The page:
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Originally published in Creation 18(2):10-13, March 1996
Cancer, constipation, or coronaries. Much of the food we eat has at some time been blamed for causing one or more of these, and then some. In the past few years we've been swamped with more dietary advice than ever, with the result that many of us suffer something else starting with c — confusion.
For example, olive oil was supposed to be terribly bad for us, clogging up our arteries. A few years later it became, supposedly, the best type of oil for our increasingly heart-conscious population. Who knows what tomorrow's headlines will bring? It is easy to become rather cynical about it all. However, amid all the vacillation, one thing is emerging as a clear, consistent trend; something which is not surprising when one considers the real history of humanity as given in Genesis.
More and more studies are confirming that, in general, eating 'natural, whole' foods, mostly or wholly from plant sources, results in better health. Few experts would disagree that the following type of diet, combined with regular exercise, constitutes a very healthy life-style and greatly reduces the risk of health problems.
The majority of our intake should consist of starchy (complex carbohydrate) foods like potatoes, rice, and other cereal foods, especially whole grain varieties. Fresh fruit, vegetables, and nuts should also play a big part. Contrary to the custom of many of us in Western countries, protein foods, like milk, eggs and meat, should play a lesser part. Increasingly, it seems that fat should provide by far the smallest portion of our daily intake of food energy.
Countries such as Japan, which has traditionally had a diet of mostly rice, vegetables, and fish, have very low rates of heart disease. When people from such places adopt a Western diet of processed, high-fat foods they experience higher rates of heart disease, similar to their Western counterparts.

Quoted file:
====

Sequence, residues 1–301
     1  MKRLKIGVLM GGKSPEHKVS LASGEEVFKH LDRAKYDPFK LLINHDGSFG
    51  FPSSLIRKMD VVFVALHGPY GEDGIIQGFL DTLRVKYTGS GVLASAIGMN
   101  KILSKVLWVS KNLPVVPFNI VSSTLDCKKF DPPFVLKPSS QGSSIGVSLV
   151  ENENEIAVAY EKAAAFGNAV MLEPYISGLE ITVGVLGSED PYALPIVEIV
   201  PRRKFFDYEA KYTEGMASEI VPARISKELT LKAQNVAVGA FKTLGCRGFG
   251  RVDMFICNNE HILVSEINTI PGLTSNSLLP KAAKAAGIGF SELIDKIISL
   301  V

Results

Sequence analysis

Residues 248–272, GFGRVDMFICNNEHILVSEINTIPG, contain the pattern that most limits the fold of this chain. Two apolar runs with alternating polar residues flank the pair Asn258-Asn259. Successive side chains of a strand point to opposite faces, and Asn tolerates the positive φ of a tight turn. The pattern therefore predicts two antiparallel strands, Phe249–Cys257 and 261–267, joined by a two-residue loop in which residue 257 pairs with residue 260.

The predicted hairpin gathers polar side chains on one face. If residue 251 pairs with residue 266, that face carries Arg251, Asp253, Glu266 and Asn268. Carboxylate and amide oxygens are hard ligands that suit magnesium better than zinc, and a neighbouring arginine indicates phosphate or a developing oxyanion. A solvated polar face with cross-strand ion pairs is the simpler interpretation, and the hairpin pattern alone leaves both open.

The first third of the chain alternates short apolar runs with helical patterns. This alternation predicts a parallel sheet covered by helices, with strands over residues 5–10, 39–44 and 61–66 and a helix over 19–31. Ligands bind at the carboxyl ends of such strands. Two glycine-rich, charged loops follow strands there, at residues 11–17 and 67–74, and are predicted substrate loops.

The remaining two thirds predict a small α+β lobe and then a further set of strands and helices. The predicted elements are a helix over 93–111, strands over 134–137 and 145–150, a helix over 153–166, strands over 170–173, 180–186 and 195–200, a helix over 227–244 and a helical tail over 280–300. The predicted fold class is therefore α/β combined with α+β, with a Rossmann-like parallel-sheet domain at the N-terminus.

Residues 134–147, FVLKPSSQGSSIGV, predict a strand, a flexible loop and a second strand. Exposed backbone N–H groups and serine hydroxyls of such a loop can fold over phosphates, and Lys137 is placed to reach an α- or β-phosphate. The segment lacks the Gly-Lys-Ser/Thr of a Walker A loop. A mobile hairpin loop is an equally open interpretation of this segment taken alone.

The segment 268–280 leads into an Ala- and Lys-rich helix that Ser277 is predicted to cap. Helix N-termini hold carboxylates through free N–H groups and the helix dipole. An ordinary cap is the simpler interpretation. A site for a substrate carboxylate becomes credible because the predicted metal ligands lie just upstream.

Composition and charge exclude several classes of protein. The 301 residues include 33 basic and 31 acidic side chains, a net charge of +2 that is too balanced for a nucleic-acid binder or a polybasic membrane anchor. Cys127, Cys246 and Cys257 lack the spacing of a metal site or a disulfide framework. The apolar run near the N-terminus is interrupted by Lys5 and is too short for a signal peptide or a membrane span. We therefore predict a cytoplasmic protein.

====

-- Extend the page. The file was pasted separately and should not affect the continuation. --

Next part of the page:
The indigenous people of Australia, who once supplemented their diet of nuts, seeds, fruit, and (especially root) vegetables with occasional fish and meat, now frequently have a diet very high in deep-fried snack (fast) foods and soft drinks. Diseases that were virtually unheard of in such populations, such as diabetes and coronary artery (heart) disease, now affect them at an alarming rate.
These effects cannot be argued away as purely genetic differences. Studies of vegetarian groups within Western populations, such as Seventh-day Adventists, show lower rates of heart disease and cancer and, on average, longer lifespans than matched (i.e. non-smoking, etc.) control populations.
This all makes sense when you consider the way God originally intended it to be in the Garden of Eden. In Genesis 1:29 God says:
Behold, I have given you every herb bearing seed, which is upon the face of all the earth, and every tree, in the which is the fruit of a tree yielding seed; to you it shall be for meat [i.e. food].
Adam and Eve would clearly have enjoyed a wide variety of plant foods such as fruits, vegetables and nuts. As people were permitted to eat meat only after the Flood, their problem would not have been excessive fat intake. A healthy outdoors lifestyle, and clear running water that would have been 'always the real thing', add to the picture. No 'golden arches', either.